What History Has Taught Investors About U.S. Presidential Elections

As the election news cycle reaches its climax over the next few months, investors will likely be inundated with speculative investment forecasts for an endless number of potential election outcomes.

First and foremost, it is my opinion that financial news outlets are in the business of grabbing attention, and in that endeavor, rational or moderate predictions rarely succeed. For a news story to generate the all-important “click,” headlines draw on the dual forces of fear and greed – predicting a financial catastrophe under candidate A, or untold investment success with candidate B.

Historical data indicates that markets rarely have such extreme reactions to changes in political control. While headlines can be very unsettling, for reasons outlined below, these types of forecasts should not compel investors to make drastic shifts to their investment plans.

Don’t try to get ahead of a market reaction to an election outcome because expectations for the outcome are already embedded in the prices of securities.

In other words, if market participants already expect candidate A to win, there should not be much market price reaction if candidate A does indeed win.

Currently, the presidential race is very tight, but various prediction markets are showing about a 60% probability of Democratic candidate Joe Biden winning, and about a 60% chance of a Democratic Senate and House of Representatives. While it may seem that a shift of this magnitude could send shockwaves through the market, the reality is that the majority of the money in the market has likely already shifted in anticipation of the event.

History tells us that a shift from one presidential party to the next does not necessarily have the impact on markets that one might expect.

A review of the returns for each presidential term going back to 1953 reveals that there is no identifiable correlation between stock market returns and the political party in power. Furthermore, the variable of whether the President’s party aligns with Congress also does not appear meaningful.

Since 1929, the market has returned an average of 10.3% per year, across every variety of presidential party and congressional alignment scenario imaginable, with very little variation between the returns during each party’s time in office.

Equity markets have rewarded long-term investors for many years, and the notable periods of decline have far more to do with external shocks (such as the Great Depression, the dot com bubble in the early 2000s, and the housing market crash in 2008) than the party in the White House.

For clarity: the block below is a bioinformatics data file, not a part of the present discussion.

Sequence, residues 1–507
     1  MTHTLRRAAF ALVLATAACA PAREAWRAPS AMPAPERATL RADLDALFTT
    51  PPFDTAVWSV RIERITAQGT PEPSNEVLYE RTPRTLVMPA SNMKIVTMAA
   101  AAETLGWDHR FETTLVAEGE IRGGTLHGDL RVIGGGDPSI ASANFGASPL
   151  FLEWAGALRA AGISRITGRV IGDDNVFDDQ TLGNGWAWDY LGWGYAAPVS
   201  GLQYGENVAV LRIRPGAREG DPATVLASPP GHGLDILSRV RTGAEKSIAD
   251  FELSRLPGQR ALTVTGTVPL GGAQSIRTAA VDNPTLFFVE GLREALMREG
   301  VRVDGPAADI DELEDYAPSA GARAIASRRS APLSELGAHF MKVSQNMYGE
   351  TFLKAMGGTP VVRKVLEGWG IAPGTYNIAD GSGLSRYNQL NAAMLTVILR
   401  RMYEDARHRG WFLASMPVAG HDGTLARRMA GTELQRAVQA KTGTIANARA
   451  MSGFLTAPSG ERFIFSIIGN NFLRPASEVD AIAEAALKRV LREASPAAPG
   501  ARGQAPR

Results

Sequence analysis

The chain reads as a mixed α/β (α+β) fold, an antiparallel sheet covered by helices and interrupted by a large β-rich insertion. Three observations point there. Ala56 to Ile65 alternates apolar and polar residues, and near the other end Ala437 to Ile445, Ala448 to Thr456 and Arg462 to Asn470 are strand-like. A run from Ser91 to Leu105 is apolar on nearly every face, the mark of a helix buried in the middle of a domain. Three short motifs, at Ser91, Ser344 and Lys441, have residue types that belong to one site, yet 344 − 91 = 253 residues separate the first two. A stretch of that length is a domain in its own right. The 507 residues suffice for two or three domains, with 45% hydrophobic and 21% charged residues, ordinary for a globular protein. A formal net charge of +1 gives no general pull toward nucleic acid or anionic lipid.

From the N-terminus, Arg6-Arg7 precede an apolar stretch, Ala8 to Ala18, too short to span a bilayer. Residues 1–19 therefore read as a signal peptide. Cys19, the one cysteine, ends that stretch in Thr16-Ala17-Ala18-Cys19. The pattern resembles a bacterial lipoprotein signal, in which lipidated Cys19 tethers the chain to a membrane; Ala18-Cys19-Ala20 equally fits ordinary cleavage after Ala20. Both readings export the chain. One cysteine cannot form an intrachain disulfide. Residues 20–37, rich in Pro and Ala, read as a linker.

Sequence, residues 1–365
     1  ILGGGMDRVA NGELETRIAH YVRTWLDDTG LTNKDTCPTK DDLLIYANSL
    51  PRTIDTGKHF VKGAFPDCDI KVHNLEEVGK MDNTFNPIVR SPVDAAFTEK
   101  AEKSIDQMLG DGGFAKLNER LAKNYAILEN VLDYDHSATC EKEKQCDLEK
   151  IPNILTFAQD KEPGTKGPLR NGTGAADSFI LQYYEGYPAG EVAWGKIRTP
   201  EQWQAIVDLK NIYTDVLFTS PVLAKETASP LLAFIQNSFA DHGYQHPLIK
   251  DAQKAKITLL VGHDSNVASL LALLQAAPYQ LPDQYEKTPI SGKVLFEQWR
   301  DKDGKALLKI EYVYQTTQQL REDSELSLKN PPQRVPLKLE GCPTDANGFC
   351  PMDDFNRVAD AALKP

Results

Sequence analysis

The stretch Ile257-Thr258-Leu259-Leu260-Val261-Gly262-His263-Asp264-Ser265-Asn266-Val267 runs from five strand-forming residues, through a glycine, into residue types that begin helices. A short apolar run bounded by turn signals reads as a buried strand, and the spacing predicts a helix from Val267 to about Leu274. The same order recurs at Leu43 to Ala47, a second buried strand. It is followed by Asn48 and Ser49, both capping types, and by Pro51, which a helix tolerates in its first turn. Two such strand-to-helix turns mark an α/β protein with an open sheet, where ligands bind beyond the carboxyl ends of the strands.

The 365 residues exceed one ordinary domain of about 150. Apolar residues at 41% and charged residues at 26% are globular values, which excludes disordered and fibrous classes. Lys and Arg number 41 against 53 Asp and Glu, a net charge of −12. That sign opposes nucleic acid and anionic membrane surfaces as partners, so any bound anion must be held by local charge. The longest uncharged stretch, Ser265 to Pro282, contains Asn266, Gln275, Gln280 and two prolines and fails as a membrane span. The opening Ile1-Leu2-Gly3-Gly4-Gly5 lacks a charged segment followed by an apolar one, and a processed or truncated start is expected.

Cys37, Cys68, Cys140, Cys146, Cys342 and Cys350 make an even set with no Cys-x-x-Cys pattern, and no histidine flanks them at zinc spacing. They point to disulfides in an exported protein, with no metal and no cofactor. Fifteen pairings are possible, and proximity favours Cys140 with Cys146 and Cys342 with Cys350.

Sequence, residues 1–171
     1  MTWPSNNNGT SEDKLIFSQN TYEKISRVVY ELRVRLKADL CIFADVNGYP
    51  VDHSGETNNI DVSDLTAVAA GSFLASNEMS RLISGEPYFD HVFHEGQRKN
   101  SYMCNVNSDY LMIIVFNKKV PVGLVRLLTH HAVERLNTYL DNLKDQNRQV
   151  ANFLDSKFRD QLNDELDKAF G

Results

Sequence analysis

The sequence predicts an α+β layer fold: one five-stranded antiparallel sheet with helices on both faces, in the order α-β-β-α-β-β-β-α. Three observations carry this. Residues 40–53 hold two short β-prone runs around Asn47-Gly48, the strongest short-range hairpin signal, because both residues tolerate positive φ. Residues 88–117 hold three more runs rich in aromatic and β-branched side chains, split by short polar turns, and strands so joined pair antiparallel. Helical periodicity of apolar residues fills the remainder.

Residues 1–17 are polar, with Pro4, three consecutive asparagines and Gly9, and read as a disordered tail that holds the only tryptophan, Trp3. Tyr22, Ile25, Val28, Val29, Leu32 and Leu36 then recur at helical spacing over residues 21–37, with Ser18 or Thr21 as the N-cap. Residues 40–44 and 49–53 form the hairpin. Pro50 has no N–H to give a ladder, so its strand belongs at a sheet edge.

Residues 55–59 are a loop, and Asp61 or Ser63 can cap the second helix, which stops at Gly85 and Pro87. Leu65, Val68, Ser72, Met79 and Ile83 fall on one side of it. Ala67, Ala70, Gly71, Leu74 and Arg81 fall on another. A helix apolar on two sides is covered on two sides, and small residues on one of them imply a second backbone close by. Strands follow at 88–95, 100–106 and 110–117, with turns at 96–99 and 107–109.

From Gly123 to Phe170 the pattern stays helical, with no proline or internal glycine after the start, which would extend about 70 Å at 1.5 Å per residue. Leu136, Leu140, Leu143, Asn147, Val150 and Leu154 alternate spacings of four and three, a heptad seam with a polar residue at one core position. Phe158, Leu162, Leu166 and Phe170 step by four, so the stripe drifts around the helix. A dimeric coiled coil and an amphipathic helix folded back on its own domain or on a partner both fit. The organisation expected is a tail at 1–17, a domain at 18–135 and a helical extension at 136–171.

The tradeoff that investors must make to enjoy these long-term returns is to invest not only in the good times, but also to remain invested when conditions are less than optimal – and that includes periods of political uncertainty.

What will happen to corporate tax rates?

One of investors’ hot button issues in the coming election is the future course of corporate tax rates.

In 2017, President Donald Trump enacted the Tax Cuts and Jobs Act (TCJA) which, among other things, lowered corporate tax rates from 35% to 21%. This fueled a 23% rise in S&P 500 earnings per share from 2017 to 2018. While candidates have not put forward their official tax proposals, there is speculation that a Democratic victory would mean an increase in corporate tax rates.

We believe that because of the recent course of fiscal and monetary stimulus, there is going to be upward pressure on tax rates regardless of the results of the 2020 election. The most likely course is an increase in corporate tax rates from 21% to about 28%, but not all the way back to the previous rate of 35%.

In valuing financial assets, the question is whether the recent reductions in corporate tax rates were perceived to be temporary or permanent. If these were perceived to be temporary, which is likely, the mathematical effect on stock valuation should be minimal.

The upcoming election is likely to be characterized by increased market volatility as new information percolates into the market, but based on historical trends we believe that markets will be okay in the long-term. It is better to base your investment decisions on a disciplined process, including an examination of fundamentals and valuations, rather than emotionally, based on the mood of the day.

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